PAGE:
Getting to train with the best in the world is fantastic, but a little stressful. Let’s say you’re sitting in an eddy. Next thing you know the best C-2 in the world is barreling down on you. You’ve just realized your sitting in the gate… As you madly back paddle in hopes that you will escape you realize just how frightening other boats on the water are, no matter how good. I’d perhaps hazard to say that better boats are in fact scarier. What can you do though? Paddling with the others is still great because you can learn from them, and may even give you the chance to show off a little. Unfortunately, you don’t get to smoke an upstream and wink at the paddlers in the opposite eddy as much as you would like, or at all. That being said, paddling with the best truly helps to bring out your best!

Needless to say, I have enjoyed every moment that I have spent on the London Olympic course and any other. We spent a great two weeks there learning all the different currents and spending time working out how each eddy flows. Countless technique workouts and full lengths here and there have truly helped me get a grasp of the water. At the same time, my training there has also improved my general paddling.

Now, I said that this trip started at the end of April, but what about the two remaining weeks between then and now. The adventure didn’t end with the camp for some of us. A few athletes and coaches went home to families and friends. It is a lie if I say that I wasn’t jealous. It was in fact my initial plan. However, sometimes you have to make certain sacrifices to chase dreams. So my trusted bowman, Devin McEwan, and I remained in the UK with our teammates Caroline Queen and Brett Heyl. We rented a car and on our way we went.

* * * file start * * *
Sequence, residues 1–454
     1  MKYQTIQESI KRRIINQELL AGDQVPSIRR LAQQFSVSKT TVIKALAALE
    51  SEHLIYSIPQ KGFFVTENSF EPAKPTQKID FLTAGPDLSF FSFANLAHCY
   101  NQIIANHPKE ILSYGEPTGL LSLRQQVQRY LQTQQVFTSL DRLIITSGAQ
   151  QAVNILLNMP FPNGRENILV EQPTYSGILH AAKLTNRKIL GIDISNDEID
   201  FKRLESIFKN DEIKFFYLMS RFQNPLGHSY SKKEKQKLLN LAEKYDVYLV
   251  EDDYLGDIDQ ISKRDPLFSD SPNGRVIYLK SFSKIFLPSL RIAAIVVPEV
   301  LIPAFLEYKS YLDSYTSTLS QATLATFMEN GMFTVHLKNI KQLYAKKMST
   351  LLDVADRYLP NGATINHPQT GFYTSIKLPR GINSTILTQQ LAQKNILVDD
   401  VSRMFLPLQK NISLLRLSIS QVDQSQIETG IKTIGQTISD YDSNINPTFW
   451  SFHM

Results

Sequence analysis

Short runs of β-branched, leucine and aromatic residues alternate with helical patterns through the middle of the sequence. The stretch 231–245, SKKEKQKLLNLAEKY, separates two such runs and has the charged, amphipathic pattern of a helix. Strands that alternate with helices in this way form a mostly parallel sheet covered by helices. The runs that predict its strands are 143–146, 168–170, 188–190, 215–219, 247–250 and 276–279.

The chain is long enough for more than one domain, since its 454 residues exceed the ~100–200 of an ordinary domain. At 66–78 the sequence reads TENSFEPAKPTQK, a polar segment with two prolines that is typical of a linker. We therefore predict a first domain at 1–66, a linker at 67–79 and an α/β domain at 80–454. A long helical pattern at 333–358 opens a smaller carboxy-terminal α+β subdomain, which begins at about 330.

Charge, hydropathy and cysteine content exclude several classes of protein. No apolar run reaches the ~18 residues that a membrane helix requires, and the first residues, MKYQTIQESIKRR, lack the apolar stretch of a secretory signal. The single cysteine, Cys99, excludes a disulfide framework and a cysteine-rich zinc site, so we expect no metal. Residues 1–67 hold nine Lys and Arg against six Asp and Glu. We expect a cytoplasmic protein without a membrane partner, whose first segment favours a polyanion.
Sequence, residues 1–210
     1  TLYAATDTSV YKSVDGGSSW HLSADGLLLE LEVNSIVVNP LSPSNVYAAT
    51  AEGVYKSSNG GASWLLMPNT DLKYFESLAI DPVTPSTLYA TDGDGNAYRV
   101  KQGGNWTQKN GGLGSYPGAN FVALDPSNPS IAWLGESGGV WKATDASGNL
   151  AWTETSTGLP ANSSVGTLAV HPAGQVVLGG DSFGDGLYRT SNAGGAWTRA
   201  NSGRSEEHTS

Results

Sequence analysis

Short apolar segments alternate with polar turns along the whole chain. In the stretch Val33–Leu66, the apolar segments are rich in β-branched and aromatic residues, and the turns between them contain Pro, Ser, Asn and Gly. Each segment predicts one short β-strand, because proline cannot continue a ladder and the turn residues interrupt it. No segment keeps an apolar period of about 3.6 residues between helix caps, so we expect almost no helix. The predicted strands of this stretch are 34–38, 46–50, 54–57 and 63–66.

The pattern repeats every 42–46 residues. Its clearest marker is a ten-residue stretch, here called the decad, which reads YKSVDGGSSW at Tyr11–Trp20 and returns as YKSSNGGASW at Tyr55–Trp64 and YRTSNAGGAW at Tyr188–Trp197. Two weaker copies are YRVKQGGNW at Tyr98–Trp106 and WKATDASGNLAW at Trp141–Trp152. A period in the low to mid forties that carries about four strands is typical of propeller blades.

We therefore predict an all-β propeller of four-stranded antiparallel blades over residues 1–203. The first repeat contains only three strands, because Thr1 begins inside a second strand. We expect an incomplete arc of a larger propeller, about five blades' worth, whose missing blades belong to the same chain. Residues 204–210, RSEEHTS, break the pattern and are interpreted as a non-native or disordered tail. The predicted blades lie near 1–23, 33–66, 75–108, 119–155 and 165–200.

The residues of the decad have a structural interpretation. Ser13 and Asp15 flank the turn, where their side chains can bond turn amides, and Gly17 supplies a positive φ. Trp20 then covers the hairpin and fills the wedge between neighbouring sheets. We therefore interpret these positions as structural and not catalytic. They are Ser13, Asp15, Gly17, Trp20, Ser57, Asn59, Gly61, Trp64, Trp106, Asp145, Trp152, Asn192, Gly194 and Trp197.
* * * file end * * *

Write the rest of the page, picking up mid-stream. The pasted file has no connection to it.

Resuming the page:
As some of you know, World Cup 1 in Cardiff, Wales is going to be the final deciding race in our Olympic selection process. As you can imagine, that is exactly where we went. Extra time on the course of an important race never hurt anyone. For two weeks we have been getting to know the course and all of the quirks that it has. Each session brings new knowledge and a growing comfort with the course. Sessions in both C-1 and C-2 have been very good. This tends to help keep me very happy and positive for future training.

One issue that paddlers face is over training. Over training can lead to injuries or just general boredom with the same schedules. With that in mind we decided to take a short vacation through the UK. None of us had really spent anytime here and we were curious about what we could do. We spent a couple great days traveling around the highlands and getting to see castles, coastlines, and cities. It was a fantastic break, and it meant that we were ready for more training when we returned.

Now the team has rejoined with us after their trip home. It is great having coaches again and falling back into the structured workouts that I like. You really learn to appreciate the structure when you train without it for awhile, but that also goes in reverse. Sometimes it is great to get away from everything else and just paddle on the course with nothing in particular in mind.